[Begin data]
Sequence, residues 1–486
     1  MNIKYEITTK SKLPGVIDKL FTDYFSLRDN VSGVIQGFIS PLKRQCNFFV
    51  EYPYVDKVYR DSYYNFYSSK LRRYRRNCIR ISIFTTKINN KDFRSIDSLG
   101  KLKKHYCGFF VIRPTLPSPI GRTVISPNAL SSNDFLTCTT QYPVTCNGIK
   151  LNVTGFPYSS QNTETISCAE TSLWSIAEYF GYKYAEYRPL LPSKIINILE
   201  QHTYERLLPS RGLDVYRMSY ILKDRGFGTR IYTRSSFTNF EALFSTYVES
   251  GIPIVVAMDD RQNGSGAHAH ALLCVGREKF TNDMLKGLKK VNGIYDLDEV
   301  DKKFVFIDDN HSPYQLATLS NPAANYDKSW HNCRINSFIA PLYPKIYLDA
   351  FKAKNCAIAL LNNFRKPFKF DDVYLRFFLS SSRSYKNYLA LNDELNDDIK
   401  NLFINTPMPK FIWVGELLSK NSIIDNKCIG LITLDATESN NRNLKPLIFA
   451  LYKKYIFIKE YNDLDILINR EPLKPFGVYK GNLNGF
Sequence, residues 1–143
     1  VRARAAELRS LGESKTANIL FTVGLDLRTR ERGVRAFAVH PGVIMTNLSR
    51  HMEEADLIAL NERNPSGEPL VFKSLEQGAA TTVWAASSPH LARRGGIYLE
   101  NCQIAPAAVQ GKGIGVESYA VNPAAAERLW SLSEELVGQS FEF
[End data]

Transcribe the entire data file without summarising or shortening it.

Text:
Sequence, residues 1–486
     1  MNIKYEITTK SKLPGVIDKL FTDYFSLRDN VSGVIQGFIS PLKRQCNFFV
    51  EYPYVDKVYR DSYYNFYSSK LRRYRRNCIR ISIFTTKINN KDFRSIDSLG
   101  KLKKHYCGFF VIRPTLPSPI GRTVISPNAL SSNDFLTCTT QYPVTCNGIK
   151  LNVTGFPYSS QNTETISCAE TSLWSIAEYF GYKYAEYRPL LPSKIINILE
   201  QHTYERLLPS RGLDVYRMSY ILKDRGFGTR IYTRSSFTNF EALFSTYVES
   251  GIPIVVAMDD RQNGSGAHAH ALLCVGREKF TNDMLKGLKK VNGIYDLDEV
   301  DKKFVFIDDN HSPYQLATLS NPAANYDKSW HNCRINSFIA PLYPKIYLDA
   351  FKAKNCAIAL LNNFRKPFKF DDVYLRFFLS SSRSYKNYLA LNDELNDDIK
   401  NLFINTPMPK FIWVGELLSK NSIIDNKCIG LITLDATESN NRNLKPLIFA
   451  LYKKYIFIKE YNDLDILINR EPLKPFGVYK GNLNGF
Sequence, residues 1–143
     1  VRARAAELRS LGESKTANIL FTVGLDLRTR ERGVRAFAVH PGVIMTNLSR
    51  HMEEADLIAL NERNPSGEPL VFKSLEQGAA TTVWAASSPH LARRGGIYLE
   101  NCQIAPAAVQ GKGIGVESYA VNPAAAERLW SLSEELVGQS FEF